Call Toll Free: 888-623-2374

Request InformationSupport

Does Your Company Need a Chief Procurement Officer in 2020

CPOs are a relatively new addition to the C-Suite, but an effective Chief Procurement Officer can bring spending under control, reduce costs, and improve supply chain efficiency.

Does Your Company Need a Chief Procurement Officer in 2020

What is a Chief Procurement Officer

In a globalized economy, procurement and supply chain management is increasingly important to the success of modern businesses. The increased profile of procurement is partly due to lengthening and increasingly complex supply chains. It is also driven by procurement's connection to every aspect of a business: factors from product timetables and profit margins, to the availability of credit all depend on the health of procurement processes and supply chains. 

Procurement has never been more essential to the success of businesses than it is in 2020. It is no surprise then to see large businesses bringing procurement under the control of a high-level executive who typically reports to the CEO. 

The Chief Procurement Officer (CPO) is a relatively new entry into the C-Suite, and many see the elevation of procurement as a necessary step. But what exactly is a CPO, and what part does he or she play in the success of a business?

What is a Chief Procurement Officer?

A Chief Procurement Officer is responsible for overseeing the sourcing and procurement of goods and services an organization requires. That includes resources used in manufacturing, products used by all parts of the organization, and anything else the organization needs to acquire from third-party suppliers. Everything from a fleet of new vehicles to computers, to Kleenex, falls under procurement.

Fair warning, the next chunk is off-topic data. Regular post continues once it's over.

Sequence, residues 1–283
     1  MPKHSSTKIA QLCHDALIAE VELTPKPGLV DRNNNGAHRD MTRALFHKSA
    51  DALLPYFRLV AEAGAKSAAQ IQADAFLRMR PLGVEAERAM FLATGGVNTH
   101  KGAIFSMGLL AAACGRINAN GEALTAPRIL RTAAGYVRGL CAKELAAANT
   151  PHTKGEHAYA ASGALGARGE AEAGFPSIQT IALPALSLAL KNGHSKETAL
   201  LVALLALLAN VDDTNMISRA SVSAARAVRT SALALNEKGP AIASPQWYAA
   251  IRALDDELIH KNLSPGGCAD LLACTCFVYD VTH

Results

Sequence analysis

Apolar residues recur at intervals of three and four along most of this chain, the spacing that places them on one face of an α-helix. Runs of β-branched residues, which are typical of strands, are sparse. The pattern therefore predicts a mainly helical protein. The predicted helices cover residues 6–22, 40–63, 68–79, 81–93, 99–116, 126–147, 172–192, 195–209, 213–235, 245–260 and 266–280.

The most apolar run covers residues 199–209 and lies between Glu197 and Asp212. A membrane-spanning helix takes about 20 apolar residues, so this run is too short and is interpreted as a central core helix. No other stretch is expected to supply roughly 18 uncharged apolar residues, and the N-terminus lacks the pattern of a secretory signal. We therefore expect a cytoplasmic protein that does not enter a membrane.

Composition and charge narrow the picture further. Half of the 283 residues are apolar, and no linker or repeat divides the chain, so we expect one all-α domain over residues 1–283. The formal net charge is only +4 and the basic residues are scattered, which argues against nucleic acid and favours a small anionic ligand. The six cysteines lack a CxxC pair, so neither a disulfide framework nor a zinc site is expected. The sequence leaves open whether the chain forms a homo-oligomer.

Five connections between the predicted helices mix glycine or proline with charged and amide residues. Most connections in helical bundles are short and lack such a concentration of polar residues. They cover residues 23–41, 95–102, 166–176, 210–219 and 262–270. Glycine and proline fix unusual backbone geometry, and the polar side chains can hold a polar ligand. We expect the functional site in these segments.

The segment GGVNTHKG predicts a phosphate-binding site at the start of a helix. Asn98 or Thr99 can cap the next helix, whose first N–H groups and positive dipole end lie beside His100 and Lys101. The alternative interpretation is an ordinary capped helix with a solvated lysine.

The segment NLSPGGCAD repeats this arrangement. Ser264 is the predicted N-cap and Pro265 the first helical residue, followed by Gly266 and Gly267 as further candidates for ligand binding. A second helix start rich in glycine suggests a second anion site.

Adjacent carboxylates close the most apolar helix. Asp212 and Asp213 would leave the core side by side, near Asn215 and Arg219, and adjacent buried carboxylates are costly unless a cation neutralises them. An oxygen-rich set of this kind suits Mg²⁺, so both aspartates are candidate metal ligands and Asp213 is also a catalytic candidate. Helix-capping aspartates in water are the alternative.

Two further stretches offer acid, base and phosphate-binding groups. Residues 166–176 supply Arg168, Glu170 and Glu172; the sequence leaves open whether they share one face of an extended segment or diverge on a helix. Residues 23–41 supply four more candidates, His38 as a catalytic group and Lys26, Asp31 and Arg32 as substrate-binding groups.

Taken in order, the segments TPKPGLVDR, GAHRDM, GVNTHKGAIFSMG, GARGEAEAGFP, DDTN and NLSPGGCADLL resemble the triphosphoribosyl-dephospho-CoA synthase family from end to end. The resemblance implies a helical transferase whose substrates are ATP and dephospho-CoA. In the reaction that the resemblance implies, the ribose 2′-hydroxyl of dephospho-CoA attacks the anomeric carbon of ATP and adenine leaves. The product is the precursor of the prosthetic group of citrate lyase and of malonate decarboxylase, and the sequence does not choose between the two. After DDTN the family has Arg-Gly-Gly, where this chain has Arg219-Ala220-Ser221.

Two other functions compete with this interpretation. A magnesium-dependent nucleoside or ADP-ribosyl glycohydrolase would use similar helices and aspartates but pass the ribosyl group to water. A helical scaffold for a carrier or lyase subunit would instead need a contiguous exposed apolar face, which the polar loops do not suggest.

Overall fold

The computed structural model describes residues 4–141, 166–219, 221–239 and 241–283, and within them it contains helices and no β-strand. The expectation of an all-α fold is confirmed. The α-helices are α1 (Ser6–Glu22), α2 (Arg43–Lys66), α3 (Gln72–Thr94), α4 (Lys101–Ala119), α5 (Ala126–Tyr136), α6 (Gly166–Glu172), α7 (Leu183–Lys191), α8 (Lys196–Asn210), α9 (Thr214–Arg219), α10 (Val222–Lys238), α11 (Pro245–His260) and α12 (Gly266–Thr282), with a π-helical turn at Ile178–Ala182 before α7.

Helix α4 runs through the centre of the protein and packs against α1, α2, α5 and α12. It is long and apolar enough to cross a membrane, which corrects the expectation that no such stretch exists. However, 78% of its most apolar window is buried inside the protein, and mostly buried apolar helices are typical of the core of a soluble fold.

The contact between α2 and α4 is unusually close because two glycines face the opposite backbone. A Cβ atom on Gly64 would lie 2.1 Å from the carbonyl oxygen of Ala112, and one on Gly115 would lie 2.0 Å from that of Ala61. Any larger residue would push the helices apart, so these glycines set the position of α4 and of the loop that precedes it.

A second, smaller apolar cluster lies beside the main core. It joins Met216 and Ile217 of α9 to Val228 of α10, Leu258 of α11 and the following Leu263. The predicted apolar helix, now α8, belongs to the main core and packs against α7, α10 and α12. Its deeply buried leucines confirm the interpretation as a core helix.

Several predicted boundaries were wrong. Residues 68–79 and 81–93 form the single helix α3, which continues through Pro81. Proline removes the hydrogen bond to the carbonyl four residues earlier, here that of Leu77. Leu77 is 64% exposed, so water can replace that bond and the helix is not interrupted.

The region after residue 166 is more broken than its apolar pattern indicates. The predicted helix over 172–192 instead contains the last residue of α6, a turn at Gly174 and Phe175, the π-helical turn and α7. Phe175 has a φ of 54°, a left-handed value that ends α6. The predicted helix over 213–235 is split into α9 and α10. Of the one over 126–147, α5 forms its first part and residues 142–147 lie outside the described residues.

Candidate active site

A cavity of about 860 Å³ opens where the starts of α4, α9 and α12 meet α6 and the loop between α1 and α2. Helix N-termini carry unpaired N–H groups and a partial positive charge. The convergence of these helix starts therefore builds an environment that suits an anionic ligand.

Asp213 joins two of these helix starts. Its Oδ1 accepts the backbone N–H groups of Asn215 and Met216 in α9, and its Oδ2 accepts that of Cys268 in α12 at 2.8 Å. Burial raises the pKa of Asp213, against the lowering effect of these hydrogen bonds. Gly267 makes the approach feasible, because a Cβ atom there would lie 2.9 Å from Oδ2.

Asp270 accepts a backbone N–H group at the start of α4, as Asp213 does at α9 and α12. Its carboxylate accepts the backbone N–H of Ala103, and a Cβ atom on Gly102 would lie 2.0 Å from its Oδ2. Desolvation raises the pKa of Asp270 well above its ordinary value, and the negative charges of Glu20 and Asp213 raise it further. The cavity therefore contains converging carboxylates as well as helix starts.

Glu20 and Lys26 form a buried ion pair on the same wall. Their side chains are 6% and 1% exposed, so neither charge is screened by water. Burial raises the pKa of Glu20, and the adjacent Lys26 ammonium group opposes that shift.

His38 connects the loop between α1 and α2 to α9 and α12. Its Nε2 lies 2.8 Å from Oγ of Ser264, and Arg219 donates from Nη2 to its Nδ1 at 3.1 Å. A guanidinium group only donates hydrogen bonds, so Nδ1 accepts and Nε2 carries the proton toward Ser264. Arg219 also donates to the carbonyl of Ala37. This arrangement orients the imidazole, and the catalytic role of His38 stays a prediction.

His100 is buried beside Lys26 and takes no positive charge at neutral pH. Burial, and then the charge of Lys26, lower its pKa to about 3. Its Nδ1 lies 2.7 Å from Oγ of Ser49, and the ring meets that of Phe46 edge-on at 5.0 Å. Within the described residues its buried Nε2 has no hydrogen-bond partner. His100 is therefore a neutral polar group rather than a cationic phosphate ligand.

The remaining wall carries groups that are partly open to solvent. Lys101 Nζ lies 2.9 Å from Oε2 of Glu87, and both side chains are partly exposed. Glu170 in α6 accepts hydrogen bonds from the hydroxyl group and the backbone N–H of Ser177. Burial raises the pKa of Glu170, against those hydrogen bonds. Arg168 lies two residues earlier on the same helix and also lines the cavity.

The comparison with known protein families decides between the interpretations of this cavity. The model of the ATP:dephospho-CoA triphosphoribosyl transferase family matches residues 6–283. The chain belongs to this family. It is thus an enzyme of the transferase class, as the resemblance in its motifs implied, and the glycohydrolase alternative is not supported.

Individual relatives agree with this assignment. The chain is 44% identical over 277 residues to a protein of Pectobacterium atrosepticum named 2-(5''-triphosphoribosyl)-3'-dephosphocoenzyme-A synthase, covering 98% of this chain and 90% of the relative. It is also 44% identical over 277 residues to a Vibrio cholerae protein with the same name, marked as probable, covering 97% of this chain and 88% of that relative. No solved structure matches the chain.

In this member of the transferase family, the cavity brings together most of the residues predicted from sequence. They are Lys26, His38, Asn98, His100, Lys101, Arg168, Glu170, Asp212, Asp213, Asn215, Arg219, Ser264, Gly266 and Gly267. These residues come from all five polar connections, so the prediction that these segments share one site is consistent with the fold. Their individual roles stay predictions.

Specific procurement and supply chain management tasks are usually carried out by procurement professionals reporting to the CPO and also by executives, managers, and employees in other departments. But the CPO sets procurement policy and manages its implementation throughout the organization. 

What Does a CPO Do?

Because procurement touches so many areas of an organization, the CPO has a broad set of responsibilities that include:

  • Cost management — The CPO directs negotiations with suppliers and manages supplier relationships to ensure that supply chains are as cost-effective as possible. 
  • Spend management — CPOs are also tasked with ensuring that spending is managed. Unmanaged spending, often called tail spending or rogue spending, can be a significant burden on organizations that don't adequately enforce procurement policies. 
  • Procurement technology — eProcurement and spend management platforms have transformed the ability of organizations to integrate with suppliers and to automate procurement workflows. CPOs often take the lead when selecting platforms and integrating them with suppliers’ systems for functionality such as PunchOut catalogs, and automation of the exchange of electronic documents such as purchase orders, confirmations, invoices, and shipping notices. 
  • Supply chain ethics — Ethics and corporate social responsibility have become an increasingly critical aspect of procurement in recent years as consumers, employees, and the media have become more aware of the consequences of unethical practices in global manufacturing, mining, and other areas.  

In short, a CPO is responsible for the administration and supervision of all aspects of an organization's acquisition of goods and services. 

Does Your Business Need A CPO in 2020?

Chief Procurement Officers are most useful in larger, more complex organizations. Suppliers, distributors, and manufacturers with massive and diverse supply chains benefit the most from having a voice in the C-suite. An effective CPO is deeply involved in procurement and has the power to enforce change and lead procurement technology adoption throughout the organization, which can reinforce an organization’s procurement strategy while lowering procurement costs and streamlining order processing. If this is where your organization stands in 2020, it might be time to start considering if a CPO could add value to your business.

To learn more about how PunchOut2Go can increase efficiency and create value for your procurement department, contact us today.

We're glad you are here. Let us help you integrate!

Request more information about PunchOut2Go and our Solutions.